The Casting Society of America unveiled nominations for its 27th annual Artois Awards, recognizing the best in casting. The honors will be bestowed Sept. 26 in simultaneous ceremonies at the Beverly Hilton in L.A. and at District 36 in New York. The CSA also is giving lifetime achievement awards to Whoopi Goldberg (the New York Apple Award), Dick Wolf (the Career Achievement Award) and Meg Liberman (the Hoyt Bowers Award). Here’s the full list of nominees:
Six weeks ago, Bill O’Reilly’s visit to The View while promoting his new book led to co-hosts Whoopi Goldberg and Joy Behar walking off stage. Tonight, Goldberg visits O’Reilly on his Fox News talk show to promote her new book. And of course, they talk about the incident. Here …
Funny man Stephen Colbert channeled his idol Bill “Papa Bear” O’Reilly in his faceoff with The View co-hosts today in a segment capped by a “Whoopi Goldberg/Joy Behar” moment, in which Colbert briefly walked off the stage.
A lot calmer View co-hosts spent 4 minutes today reminiscing about Joy Behar and Whoopi Goldberg’s infamous walk-off during the interview with Bill O’Reilly on Thursday. “On this show, we all talk about standing up to bigotry, so I stood out,” was Behar’s comment. “I hit my saturation point… I …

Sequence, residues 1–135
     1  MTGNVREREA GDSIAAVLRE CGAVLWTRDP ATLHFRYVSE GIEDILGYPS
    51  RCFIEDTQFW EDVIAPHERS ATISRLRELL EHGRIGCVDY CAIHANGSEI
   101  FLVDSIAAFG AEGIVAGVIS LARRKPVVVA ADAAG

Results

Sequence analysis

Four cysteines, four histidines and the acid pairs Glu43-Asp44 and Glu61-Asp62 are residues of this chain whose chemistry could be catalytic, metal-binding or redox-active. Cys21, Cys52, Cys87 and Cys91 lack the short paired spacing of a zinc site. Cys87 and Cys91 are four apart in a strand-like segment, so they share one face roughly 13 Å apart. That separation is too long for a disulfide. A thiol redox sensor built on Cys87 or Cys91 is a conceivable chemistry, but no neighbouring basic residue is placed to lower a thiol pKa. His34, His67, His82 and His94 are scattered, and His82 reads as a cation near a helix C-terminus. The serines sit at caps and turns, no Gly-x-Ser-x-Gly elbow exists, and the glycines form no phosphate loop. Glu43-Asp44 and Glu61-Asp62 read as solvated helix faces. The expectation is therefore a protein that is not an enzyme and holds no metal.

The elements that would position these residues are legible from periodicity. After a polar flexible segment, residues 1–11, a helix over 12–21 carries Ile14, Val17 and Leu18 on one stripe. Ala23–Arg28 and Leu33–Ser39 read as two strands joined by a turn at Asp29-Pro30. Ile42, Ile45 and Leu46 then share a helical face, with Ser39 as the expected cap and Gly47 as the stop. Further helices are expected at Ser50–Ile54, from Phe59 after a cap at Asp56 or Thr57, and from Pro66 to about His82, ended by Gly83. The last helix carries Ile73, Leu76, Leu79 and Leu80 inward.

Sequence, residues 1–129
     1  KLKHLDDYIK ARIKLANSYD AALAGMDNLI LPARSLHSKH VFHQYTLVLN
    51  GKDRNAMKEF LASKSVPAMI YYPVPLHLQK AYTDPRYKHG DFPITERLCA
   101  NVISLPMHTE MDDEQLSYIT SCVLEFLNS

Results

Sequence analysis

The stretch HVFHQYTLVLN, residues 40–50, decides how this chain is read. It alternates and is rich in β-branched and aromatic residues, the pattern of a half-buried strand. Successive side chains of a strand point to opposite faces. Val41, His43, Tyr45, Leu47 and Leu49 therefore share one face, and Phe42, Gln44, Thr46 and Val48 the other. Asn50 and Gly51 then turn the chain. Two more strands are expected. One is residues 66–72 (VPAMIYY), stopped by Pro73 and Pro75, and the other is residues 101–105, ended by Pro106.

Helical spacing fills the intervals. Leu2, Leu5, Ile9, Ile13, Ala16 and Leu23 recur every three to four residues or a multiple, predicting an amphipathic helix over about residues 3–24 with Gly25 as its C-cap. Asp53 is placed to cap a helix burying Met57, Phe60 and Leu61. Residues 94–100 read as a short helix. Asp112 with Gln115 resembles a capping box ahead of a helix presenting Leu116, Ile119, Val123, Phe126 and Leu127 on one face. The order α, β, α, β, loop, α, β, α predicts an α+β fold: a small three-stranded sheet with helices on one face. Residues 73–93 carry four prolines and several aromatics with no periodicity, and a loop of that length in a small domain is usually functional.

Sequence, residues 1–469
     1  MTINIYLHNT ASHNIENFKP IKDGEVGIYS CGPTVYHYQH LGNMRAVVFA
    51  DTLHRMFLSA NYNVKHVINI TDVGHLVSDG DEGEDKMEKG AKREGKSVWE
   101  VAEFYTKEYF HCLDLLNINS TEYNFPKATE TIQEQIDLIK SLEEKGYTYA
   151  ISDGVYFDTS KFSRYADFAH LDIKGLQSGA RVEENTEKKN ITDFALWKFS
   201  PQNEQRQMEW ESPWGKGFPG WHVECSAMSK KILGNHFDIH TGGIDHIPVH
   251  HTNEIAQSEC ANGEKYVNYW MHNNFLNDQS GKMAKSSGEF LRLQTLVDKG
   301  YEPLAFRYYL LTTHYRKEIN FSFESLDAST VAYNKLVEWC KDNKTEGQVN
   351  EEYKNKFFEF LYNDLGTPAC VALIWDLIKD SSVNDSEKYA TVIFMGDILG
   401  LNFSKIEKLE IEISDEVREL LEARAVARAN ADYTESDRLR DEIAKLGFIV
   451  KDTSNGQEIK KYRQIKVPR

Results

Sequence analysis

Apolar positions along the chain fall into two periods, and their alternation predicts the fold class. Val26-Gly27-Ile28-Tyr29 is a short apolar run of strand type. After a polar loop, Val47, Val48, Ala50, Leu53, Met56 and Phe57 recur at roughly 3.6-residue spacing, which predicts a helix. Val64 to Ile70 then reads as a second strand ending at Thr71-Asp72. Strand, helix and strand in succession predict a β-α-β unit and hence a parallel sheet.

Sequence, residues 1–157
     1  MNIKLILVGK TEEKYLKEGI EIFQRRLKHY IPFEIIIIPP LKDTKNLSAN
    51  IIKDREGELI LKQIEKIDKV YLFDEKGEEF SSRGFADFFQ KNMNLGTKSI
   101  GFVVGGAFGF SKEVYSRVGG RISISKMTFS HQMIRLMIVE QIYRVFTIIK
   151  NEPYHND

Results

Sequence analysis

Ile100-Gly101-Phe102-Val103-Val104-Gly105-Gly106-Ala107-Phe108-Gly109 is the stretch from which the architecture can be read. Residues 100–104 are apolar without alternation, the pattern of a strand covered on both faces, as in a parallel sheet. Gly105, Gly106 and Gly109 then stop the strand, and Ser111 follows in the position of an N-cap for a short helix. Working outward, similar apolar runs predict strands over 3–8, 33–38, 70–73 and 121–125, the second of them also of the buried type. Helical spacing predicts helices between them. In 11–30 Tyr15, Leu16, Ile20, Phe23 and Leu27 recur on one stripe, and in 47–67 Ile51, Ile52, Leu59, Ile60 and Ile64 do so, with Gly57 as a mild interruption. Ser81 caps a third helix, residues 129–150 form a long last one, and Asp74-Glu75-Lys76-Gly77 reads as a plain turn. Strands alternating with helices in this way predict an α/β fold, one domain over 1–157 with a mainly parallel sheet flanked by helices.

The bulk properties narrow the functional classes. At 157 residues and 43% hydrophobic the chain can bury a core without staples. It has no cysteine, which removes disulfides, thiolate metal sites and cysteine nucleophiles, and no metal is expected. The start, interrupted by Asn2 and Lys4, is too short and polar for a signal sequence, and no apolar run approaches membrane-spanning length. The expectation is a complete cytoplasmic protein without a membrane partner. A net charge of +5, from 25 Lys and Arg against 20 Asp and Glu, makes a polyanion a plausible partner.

Both Joy Behar and Bill O’Reilly have primetime talk shows and used them last night to comment on the heated exchange during O’Reilly’s visit to The View yesterday that resulted in co-hosts Behar and Whoopi Goldberg walking off the stage. Behar stayed on a war path, saying that O’Reilly “had a real pinhead moment” and attacking his position on the Ground Zero mosque in an interview with Jesse Ventura on her eponymous HLN show. Meanwhile, O’Reilly was surprisingly subdued on Fox News’ O’Reilly Factor, playing a long clip from The View followed by a short statement that ended with “I loved that exposition today. Didn’t you?” There will be more dissection of the incident on Monday’s edition of The View, ABC just announced. Why, this couldn’t be a ratings ploy, could it? (Today’s edition of the chat show was pre-taped):
What happens if you put Bill O’Reilly on a couch with five outspoken women and throw in a hot-button issue like the Ground Zero mosque? Guaranteed mayhem. And that’s exactly what happened today on ABC’s The View.